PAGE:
Why is the Netflix film White Noise rated R? We discuss the popular streaming movie and the reasons for its R rating.
The highly anticipated Noah Baumbach adaptation of Don DeLillo’s seminal work in postmodern literature, White Noise, has had plenty of controversy since its world premiere at the 79th Venice International Film Festival.
It was slapped with an R-rating by the Motion Picture Association (MPA). After viewing Bambauch’s take on what some might call an unfilmable source material, I can only fathom such a high rating because the MPA is offended at the absorbent price tag.
I mean, why would a film with one train crash scene, army tents, a production design you can see at any Raley’s grocery store across California, a wardrobe that could be found at Goodwill, and a post-credits dance scene cost 250 million dollars? Unless that was the original station wagon from the original National Lampoon’s Vacation, there seems to be something fishy going on with White Noise’s accounting methods.
Let’s explore the reasons why such a film would be given an R rating, which seems to be the equivalent of schools banning books in the classroom.
What is the Netflix movie White Noise about?
The official synopsis of White Noise is as follows:
“At once hilarious and horrifying, lyrical and absurd, ordinary and apocalyptic, White Noise dramatizes a contemporary American family’s attempts to deal with the mundane conflicts of everyday life while grappling with the universal mysteries of love, death, and the possibility of happiness in an uncertain world.”
By comparison, here is the Goodreads synopsis of Don DeLillo’s classic novel:
“White Noise tells the story of Jack Gladney, his fourth wife, Babette, and four ultramodern offspring as they navigate the rocky passages of family life to the background babble of brand-name consumerism. When an industrial accident unleashes an “airborne toxic event,” a lethal black chemical cloud floats over their lives. The menacing cloud is a more urgent and visible version of the “white noise” engulfing the Gladneys — radio transmissions, sirens, microwaves, ultrasonic appliances, and TV murmurings—pulsing with life yet suggesting something ominous.”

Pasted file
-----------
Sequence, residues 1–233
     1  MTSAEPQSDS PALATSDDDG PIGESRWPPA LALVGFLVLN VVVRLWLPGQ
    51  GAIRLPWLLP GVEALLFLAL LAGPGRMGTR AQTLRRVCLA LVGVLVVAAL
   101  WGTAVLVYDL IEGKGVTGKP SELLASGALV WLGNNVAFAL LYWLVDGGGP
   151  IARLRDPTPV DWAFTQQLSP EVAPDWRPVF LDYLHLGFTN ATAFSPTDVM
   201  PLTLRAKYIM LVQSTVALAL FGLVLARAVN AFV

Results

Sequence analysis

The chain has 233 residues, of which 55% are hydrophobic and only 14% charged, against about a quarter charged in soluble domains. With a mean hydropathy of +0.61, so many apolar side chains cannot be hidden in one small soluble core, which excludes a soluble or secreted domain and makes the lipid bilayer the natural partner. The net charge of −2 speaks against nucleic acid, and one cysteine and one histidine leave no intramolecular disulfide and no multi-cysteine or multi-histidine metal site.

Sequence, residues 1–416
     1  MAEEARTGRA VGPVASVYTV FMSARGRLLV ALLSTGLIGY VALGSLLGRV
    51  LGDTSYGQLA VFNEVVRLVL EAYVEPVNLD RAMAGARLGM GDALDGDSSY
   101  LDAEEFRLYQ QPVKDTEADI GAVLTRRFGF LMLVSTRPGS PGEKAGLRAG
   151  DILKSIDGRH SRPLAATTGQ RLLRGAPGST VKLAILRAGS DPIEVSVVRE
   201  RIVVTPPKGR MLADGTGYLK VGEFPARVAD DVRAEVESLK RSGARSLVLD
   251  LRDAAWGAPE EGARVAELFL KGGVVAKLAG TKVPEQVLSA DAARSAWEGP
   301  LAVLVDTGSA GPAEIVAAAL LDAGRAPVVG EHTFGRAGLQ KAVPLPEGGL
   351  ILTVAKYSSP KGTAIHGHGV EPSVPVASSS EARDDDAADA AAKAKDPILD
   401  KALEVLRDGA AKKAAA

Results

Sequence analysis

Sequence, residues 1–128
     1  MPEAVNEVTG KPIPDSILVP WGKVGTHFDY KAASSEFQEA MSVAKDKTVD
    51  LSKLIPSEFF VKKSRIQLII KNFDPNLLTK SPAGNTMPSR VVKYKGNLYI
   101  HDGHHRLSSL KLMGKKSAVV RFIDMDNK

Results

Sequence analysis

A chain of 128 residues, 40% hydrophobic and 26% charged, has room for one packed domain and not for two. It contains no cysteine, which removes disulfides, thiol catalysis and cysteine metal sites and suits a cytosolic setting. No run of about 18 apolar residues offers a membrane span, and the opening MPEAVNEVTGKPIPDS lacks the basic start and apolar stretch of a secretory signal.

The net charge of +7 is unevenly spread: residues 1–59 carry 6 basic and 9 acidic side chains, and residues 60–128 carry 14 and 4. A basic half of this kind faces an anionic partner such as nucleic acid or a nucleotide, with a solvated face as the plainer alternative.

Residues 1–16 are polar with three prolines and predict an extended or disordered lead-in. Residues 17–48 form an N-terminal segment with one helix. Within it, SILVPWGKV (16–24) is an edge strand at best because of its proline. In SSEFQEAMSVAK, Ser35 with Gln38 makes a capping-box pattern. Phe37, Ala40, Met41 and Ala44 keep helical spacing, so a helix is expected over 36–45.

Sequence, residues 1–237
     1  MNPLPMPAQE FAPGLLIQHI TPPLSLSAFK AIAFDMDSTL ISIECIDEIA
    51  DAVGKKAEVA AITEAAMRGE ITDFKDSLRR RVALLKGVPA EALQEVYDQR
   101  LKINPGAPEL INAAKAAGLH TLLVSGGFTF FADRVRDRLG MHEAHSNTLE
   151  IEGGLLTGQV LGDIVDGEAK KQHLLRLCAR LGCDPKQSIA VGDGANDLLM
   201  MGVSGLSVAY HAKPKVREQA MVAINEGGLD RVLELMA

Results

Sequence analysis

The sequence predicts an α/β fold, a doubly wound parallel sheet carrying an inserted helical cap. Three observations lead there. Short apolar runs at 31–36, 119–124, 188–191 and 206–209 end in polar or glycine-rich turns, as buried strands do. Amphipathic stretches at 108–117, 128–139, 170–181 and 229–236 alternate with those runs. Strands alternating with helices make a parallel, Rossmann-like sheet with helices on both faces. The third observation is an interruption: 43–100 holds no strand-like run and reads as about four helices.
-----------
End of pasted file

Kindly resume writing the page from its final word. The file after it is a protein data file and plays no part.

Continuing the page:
Why is White Noise Rated R?
According to the MPA, White Noise is rated R, and that includes the following concerns:
“Contains some adult material. Parents are urged to learn more about the film before taking their young children with them.”
The MPA also provides a link to understand the film’s rating, which takes you to a website called Film Ratings. If you follow the link and type in the title, the information provided is as follows for White Noise:
“Rated R for brief violence and language.”
However, if you search for a film of the same name, the 2005 horror film Starring Michael Keaton of the same name is given a PG-13 rating “for violence, disturbing images, and language,” a film that includes cheap, gratuitous scares. Have a lower rating for a movie that was made 17 years prior? In a time when the world has gone more progressive, the MPA is claiming to shield children with the approval of parents during a world that has been equivalent to Don DeLillo’s vision of the world spinning off its axis in the first place.
Unfortunately, the MPA does not justify what scenes they found so objectionable. Yes, the film has strong language. The script does honor the source material’s themes of an ominous outlook on life and a family put under stress because of a “rocky” family life. There is a scene of brief violence where a train crashes and causes a chemical event and toxic cloud. The other possibility of brief violence is when Adam Driver’s Jack shoots and kills a man called Mr. Gray. However, before he does, he gets a shot off that misses Jack and shoots his wife, Babette, in the leg.
I would challenge the MPA to cite the scenes they find so objectionable in the future.
Is White Noise on Netflix worth watching?
Currently, Rotten Tomatoes has White Noise with a rating of 63% and over 200 reviews. When you apply “top critics,” the rating is slightly better at 67%. The critic consensus for the website states:
“White Noise may occasionally struggle with its allegedly unfilmable source material, but Noah Baumbach succeeds in finding the humorous heart of its surprisingly timely story.”
Peter Travers of ABC News praises the film:
“Noah Baumbach honors Don DeLillo’s virtuoso novel about the comic-absurdist chaos of consumerism with too cautious respect. The result is his most constricted film, which only breaks free when costars Adam Driver and Greta Gerwig fly on their own wings.”
K. Austin Collins of Rolling Stones objects, saying the director:
“…overreaches in White Noise. The movie is unsuccessful because its various energies eventually begin to feel mismeasured.”
Jacob Throneberry of Ready Steady Cut proclaims:
“Top to bottom, White Noise is a hypnotic and engaging look into a profoundly human fear: death. Noah Baumbach’s best direction to date coupled with a fully committed cast — the standout being Adam Driver — makes White Noise not just one of the most entertaining and best films of the year, but also one of the most compelling.”
Based on the overall critical consensus, positive Rotten Tomatoes scores, themes relevant to today’s modern world, and honors the film is garnering, White Noise is worth checking out on Netflix.